The simplest case is a simple harmonic oscillator, which responds to a simple force:
The solution to this differential equation is a sine or cosine function which oscillates with a natural frequency
If we add a resistance which depends on velocity,
the equation of motion grows a bit:
(I'm going to get rid of the vector signs at this point, for simplicity)
Now, let's add something new: a driving force with magnitude Fd (the subscribe d stands for "driving") which varies sinusoidally with angular frequency omegad. That means that Newton's Second Law for the object becomes
Or, if we write this as a differential equation for the position of the object as a function of time, x(t), we have
The general solution to this equation is .... messy. It consists of several terms. Some of those terms, however, include negative exponential factors of time, and so decay as time progresses. If we ask "what is happening after some long time passes?" we find that the steady state can be described by a simple formula:
It should be no surprise that the object will oscillate with a frequency that matches the driving force; after all, the driving force is, well, DRIVING the object.
What is more interesting is the SIZE of the oscillations. Their amplitude, written above as simply A, actually depends on a combination of the driving frequency and the natural frequency omegao of the object itself.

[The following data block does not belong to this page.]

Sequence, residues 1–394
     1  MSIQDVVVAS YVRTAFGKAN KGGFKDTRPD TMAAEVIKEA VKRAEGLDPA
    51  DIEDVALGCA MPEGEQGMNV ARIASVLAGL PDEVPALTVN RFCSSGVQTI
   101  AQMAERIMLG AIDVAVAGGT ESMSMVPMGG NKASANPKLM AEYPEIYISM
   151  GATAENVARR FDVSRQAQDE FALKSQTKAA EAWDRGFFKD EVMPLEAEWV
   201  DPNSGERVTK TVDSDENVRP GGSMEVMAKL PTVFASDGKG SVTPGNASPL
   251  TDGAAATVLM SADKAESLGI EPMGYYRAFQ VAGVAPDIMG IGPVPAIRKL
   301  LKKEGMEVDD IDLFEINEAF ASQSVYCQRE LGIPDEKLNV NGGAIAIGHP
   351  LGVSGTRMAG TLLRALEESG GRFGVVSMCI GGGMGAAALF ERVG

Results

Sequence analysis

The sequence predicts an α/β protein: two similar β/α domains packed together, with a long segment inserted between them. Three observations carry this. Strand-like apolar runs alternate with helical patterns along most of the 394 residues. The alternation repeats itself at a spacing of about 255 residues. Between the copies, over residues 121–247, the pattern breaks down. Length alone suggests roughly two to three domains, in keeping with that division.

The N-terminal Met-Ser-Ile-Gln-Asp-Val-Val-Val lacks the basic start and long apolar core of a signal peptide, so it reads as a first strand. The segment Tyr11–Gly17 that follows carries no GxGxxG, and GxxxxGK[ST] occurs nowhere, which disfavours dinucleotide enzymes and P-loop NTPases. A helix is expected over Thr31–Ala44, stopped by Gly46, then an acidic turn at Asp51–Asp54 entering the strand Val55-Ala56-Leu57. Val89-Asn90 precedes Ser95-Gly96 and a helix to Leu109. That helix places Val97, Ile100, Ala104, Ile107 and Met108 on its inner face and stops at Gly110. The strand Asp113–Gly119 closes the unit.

Note that the amplitude of motion depends crucially on how far the driving frequency is from the natural frequency.
Resonance occurs when the driving frequency omegad is equal to the natural frequency omegao of a system. Every little forward push applied by the driving force happens as the object is moving forward, and every little backward pull applied by the driving force occurs as the object is moving backward. That means that the WORK done by the driving force on the object is always positive
and so the driving force transfers energy to the object very efficiently.
You all have experience with driving forces and resonance, even if you don't realize it.
Engineers who design buildings and bridges must figure out AHEAD OF TIME the resonant frequencies of their structures, and make sure that these frequencies are far from any which might be excited naturally by earthquakes, traffic, wind, columns of marching soldiers, rock bands, and other primal forces.
Copyright © Michael Richmond. This work is licensed under a Creative Commons License.